In a recent seminar at the World Bank, Peter Dixon and Maureen Rimmer presented a paper titled "Illegal Immigration: restrict or liberalize?" showing that tighter border security and internal enforcement actually reduce the welfare for U.S. households; raise the wage rate of the undocumented migrants who remain; and generate dead-weight losses in the form of prosecution and prosecution-mitigating activities. More importantly, they explain that restricting the inflow of undocumented immigrants pushes U.S.
The Mediterranean—a basin of cultures, the demographics of which, it seems, invite both appeal and criticism…
Gone seem to be the days when water was the key in a process of communication; where those living along the coasts would be absorbing, assimilating and partaking in diversity and exchange. Routes were sea, not land. Trade was linked to ports, transport to ships, and movement to waves.
I recently revisited the Social Science Research Council's (SSRC) Web Anthology on Remittances and Development, and was pleasantly surprised to find an excellent collection of research articles on this rather fast-growing topic. The articles are presented in a convenient format, organized under some broad themes such as concepts, methods, measures, determinants, uses, and impacts of remittances.
One area where more articles exist and can be added are those on remittance systems (by this I mean retail payment systems) and how they can be leveraged for accessing finance/capital at the household or institutional level. There could also be more articles on regulations - especially on anti-money-laundering/countering financing of terrorism - that affect remittance transactions.
Earlier this year, the Institute for Migration and Development Issues (IMDI) in the Philippines launched a free (with registration) online country-level databank on overseas migration and development called the Philippine Migration
and Development Statistical Almanac.
With remittances expected to fall in 2009 as the financial crisis unfolds, the primary mechanism through which origin countries recoup the efficiency increases achieved by skilled migration will dissipate. But is there another mechanism, less direct but with long-term implications, through which migrants can benefit their home country.
The notion of the brain drain from developing to developed countries is not new. What is relatively new in the ’new brain drain’ or ’brain gain’ literature is its positive prognosis regarding the economic implications of labor market liberalization. Yes there is a brain drain and on the whole it is bad for development. But the migration of skilled workers need not be a zero sum game. That is, the gain of the host country need not inevitably translate to the loss of the sending country.
This is the first year that the H-1B visa cap has not been reached during the first 5 days of filing applications. The current cap is set at 65,000, with an additional 20,000 for holders of advanced degrees. It seems that the number of petitions for the H-1B visa this year will be far less than last year. The U.S.
In the World Bank's latest semi-annual economic update for the East Asia and Pacific region, titled "Battling the Forces of Global Recession" and released today, we mentioned the Philippine economy's resilience, both in absolute and relative terms.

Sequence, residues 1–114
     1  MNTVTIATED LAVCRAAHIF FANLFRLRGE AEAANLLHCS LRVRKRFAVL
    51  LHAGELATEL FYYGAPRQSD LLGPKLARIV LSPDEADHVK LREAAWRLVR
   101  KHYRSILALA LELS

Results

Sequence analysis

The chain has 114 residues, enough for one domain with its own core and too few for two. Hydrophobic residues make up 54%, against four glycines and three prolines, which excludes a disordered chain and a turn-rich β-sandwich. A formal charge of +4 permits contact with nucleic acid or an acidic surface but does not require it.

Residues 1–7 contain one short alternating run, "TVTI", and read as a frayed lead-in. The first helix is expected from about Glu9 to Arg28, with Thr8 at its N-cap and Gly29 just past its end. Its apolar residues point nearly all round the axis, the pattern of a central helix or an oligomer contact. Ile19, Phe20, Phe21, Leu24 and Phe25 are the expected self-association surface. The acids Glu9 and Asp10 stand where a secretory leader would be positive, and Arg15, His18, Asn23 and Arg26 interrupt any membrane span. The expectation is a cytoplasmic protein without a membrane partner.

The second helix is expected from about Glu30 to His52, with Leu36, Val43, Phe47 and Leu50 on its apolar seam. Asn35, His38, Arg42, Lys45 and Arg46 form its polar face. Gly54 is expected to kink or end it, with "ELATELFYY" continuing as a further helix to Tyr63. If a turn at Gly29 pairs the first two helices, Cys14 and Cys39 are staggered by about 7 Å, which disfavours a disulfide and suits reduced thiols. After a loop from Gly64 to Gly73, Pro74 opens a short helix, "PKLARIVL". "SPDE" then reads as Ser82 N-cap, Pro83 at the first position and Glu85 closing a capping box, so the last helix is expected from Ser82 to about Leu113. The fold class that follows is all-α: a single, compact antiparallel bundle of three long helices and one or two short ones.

|Declining revenue of tuk-tuk drivers in Cambodia shows even the informal sector isn't insulated.|
The World Bank today launches its projection of a 1 percent contraction of the Cambodian economy. This is based on an analysis of available statistics and feedback from a range of economic actors. Yet, to most of my Cambodian friends, it remains hard to conceive.
It is true that "seeing" such a contraction will be difficult. Basically, what it means is that economic activity in 2009 will be pretty much the same as in 2008. So the fact that we continue to have traffic jams in Phnom Penh, see tourists at the Royal Palace, and hear construction machines in many residential areas is consistent with such a projection. What will change, though, is that incomes will not increase this year as fast as past years and it will also become more difficult for the 250,000 young people leaving school each year to find their first job. What also will be different is that with no growth in aggregate, there will be a proportion of those with a livelihood at the end of the year worse than at the beginning.
Migration is the default adaptation strategy of the poor.
Rising sea levels, more frequent flooding, and droughts could displace millions of people by the middle of the century. And if the predictions of sharply declining agricultural productivity come true, farmers will to an increasing extent abandon rural areas in search of new livelihoods.
As jobs become fewer and income harder to come by for immigrants in developed countries, the amount of money they send back home, known as remittances, is expected to fall this year more than previously expected. The Bank's Migration and Remittances team announced the latest outlook last week on its People Move blog: "We now expect a sharper decline of 5-8 percent in 2009 ... compared to our earlier projections," wrote economist Dilip Ratha, who leads the team.
While the steepest drops in remittances are expected for Europe and Central Asia – down 10-12 percent – countries in the East Asia and Pacific region are also forecasted to fall by 4-7.5 percent in 2009. Two of the world's biggest recipients of remittances are China, which received $34 billion in 2008, and the Philippines, which saw $18 billion last year. Other big receipients in East Asia include Indonesia, Vietnam and Thailand, according to the Bank's Migration & Remittances Factbook 2008.